Edmonton to build ‘cohesive city,’ accommodate two million residents through 15-minute cities

‘We are building a cohesive city, with opportunities for local living,’ said Mayor Amarjeet Sohi. The plan calls for half of all future travel to be done by transit, and for residents to access their daily needs within 15-minutes of their homes.

Edmonton to build ‘cohesive city,’ accommodate two million residents through 15-minute cities
The Canadian Press / Adrian Wyld
Remove Ads

Edmonton is presenting its vision to accommodate two million people through 15-minute cities. On Tuesday, city officials commenced a three-day discussion on the district policy and accompanying district plans, reported CBC News. More than 80 speakers signed up to speak.

“We are building a cohesive city, with opportunities for local living,” Mayor Amarjeet Sohi told reporters.

Councillor Aaron Paquette contends the “rapidly growing” population needs decisive action on housing. “Right now, the plans we have are kind of ‘Frankensteined’ together over decades,” he said.

More than 100,000 people moved to the provincial capital since 2021, driving the population up to 1.14 million last year — a 10% increase, according to Statistics Canada.

The City of Edmonton is projecting nearly 100,000 more people will move to the city through 2027.

The 15 proposed district plans and corresponding bylaws would replace 54 existing planning documents dating back decades.

“Our city is growing,” said Sohi. “The more we can accommodate existing infrastructure and neighborhoods, the better it is for taxpayers.”

The city's planning administration says the aim is to accommodate more than 600,000 new residents in redeveloped areas, with 50% of all new housing units added through infill.

The plan also calls for half of all future travel to be done by transit, and for residents to access their daily needs within 15-minutes of their homes.

In March, the Task Force for Housing and Climate, chaired by former Edmonton mayor Don Iveson, issued dozens of recommendations to reconcile Canada’s housing crisis with its climate policy. 

He urged developers to build within neighbourhoods and make use of existing public transit infrastructure. “It’s cheaper for cities to build this way.”

The federal housing and climate report contends less urban sprawl is needed to implement 15-minute cities.

The Blueprint for More and Better Housing urges all levels of government to legalize density, legislate better building codes, invest in factory-built housing, and regulate housing growth in areas at high risk of climate impacts. 

It articulates their implementation could result in 5.8 million new homes by 2030 that are affordable and ‘climate resilient.’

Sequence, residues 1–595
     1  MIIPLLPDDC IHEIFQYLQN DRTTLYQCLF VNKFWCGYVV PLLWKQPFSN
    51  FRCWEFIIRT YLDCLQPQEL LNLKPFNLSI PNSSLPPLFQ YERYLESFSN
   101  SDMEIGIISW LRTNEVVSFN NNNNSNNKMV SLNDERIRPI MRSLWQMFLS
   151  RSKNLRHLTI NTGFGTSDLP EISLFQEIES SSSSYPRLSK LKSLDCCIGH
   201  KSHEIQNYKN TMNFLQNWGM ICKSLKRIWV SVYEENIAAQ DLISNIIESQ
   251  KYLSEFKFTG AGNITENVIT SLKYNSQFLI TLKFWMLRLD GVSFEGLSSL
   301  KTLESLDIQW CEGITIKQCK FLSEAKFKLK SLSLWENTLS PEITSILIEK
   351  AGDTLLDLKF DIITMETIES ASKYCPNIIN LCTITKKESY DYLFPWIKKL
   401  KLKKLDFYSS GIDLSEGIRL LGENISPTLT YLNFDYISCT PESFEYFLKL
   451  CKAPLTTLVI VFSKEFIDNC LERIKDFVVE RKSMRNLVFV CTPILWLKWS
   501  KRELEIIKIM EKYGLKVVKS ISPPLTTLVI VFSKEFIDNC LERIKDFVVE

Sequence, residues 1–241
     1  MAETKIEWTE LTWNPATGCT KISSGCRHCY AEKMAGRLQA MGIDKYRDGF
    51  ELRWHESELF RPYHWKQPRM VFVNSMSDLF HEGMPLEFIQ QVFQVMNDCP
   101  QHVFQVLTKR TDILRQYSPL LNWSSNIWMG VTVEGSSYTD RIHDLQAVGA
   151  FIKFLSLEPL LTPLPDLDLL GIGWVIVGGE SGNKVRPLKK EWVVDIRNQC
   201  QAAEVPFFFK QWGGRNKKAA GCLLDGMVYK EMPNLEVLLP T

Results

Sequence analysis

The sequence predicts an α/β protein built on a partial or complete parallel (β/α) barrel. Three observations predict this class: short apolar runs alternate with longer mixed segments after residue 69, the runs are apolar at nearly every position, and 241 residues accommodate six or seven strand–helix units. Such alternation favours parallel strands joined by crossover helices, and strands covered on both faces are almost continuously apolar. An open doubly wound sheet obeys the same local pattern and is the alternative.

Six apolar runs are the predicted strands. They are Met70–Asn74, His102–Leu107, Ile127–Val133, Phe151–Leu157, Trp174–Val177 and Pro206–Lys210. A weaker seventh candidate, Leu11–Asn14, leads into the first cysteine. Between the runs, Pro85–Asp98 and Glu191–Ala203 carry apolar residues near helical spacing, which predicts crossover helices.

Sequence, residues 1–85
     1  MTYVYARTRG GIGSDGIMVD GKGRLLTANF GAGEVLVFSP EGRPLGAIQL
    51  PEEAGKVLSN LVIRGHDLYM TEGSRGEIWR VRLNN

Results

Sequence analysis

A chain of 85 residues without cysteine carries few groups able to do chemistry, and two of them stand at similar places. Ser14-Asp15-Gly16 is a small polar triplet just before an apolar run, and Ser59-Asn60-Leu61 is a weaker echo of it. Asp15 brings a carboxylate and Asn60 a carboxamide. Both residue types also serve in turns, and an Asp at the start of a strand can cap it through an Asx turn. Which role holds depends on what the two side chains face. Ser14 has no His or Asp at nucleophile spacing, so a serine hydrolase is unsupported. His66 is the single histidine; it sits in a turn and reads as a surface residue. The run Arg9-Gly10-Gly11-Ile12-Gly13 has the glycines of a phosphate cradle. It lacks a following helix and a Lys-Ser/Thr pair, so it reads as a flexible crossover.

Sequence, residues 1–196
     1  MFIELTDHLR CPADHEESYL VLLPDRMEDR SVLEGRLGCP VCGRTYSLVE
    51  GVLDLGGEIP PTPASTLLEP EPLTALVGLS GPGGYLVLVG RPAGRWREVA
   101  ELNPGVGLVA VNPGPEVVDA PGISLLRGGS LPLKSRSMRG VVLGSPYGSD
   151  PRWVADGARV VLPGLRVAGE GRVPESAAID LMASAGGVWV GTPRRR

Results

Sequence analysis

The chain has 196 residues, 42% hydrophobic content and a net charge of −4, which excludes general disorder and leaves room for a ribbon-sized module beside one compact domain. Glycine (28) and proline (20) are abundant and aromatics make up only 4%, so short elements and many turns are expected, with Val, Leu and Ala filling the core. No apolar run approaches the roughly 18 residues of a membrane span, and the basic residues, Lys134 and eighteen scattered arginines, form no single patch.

However, builders told a Commons committee on Monday there is “no chance” Canada will reach the federal target of 3.9 million new homes by 2031. 

To reduce carbon footprints, Better Housing suggests adding bike lanes and legalizing small shops on side streets.

City planners openly defend 15-minute communities, claiming their aim is to make cities more livable by ensuring all essential services — schools, medical care and shops — are within the distance of a short walk or bicycle ride.

“Short term and long-term density is good for the fiscal efficiency of the city,” claimed Iveson. “It’s the right thing, and it also happens to be climate positive.”

Mayor Sohi pursued the 15-minute city plan to address concerns on quality of life, including shortening commutes to work and trips to amenities like groceries, recreation, and restaurants.

He does not intend to restrict the movement of more than 1.14 million Edmontonians to their proposed district. 

Last November 4, Alberta’s United Conservative delegates proposed a prohibition on “any land use or development planning initiatives that would restrict movement of residents as per Section 6 of the Canadian Charter of Rights and Freedoms.

The non-binding policy passed in near-unanimous fashion.

According to the District Planning Guide, building a “community of communities — small towns in our big city” is a multi-year project to accommodate Edmontonians.

“This vision is for new and current residents to enjoy more housing, recreation, education and employment opportunities in all of Edmonton’s districts and to have more travel options within and across districts,” reads a January email.

The city assessed public feedback through March and worked to compile a report for April.

Upon further review by the Edmonton Metropolitan Region Board this summer, city council will consider additional public feedback and likely approve new policy this fall.

Remove Ads
Remove Ads

Don't Get Censored

Big Tech is censoring us. Sign up so we can always stay in touch.

Remove Ads